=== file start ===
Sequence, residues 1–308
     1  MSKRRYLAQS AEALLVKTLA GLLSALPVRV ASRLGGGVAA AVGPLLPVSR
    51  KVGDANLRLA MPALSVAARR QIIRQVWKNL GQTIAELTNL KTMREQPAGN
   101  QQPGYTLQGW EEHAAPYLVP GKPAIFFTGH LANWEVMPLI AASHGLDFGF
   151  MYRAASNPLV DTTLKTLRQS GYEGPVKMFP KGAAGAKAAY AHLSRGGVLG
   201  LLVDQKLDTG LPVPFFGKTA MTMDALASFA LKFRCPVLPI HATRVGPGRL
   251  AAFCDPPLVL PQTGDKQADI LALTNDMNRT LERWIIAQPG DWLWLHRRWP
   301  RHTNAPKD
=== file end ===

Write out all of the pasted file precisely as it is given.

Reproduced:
Sequence, residues 1–308
     1  MSKRRYLAQS AEALLVKTLA GLLSALPVRV ASRLGGGVAA AVGPLLPVSR
    51  KVGDANLRLA MPALSVAARR QIIRQVWKNL GQTIAELTNL KTMREQPAGN
   101  QQPGYTLQGW EEHAAPYLVP GKPAIFFTGH LANWEVMPLI AASHGLDFGF
   151  MYRAASNPLV DTTLKTLRQS GYEGPVKMFP KGAAGAKAAY AHLSRGGVLG
   201  LLVDQKLDTG LPVPFFGKTA MTMDALASFA LKFRCPVLPI HATRVGPGRL
   251  AAFCDPPLVL PQTGDKQADI LALTNDMNRT LERWIIAQPG DWLWLHRRWP
   301  RHTNAPKD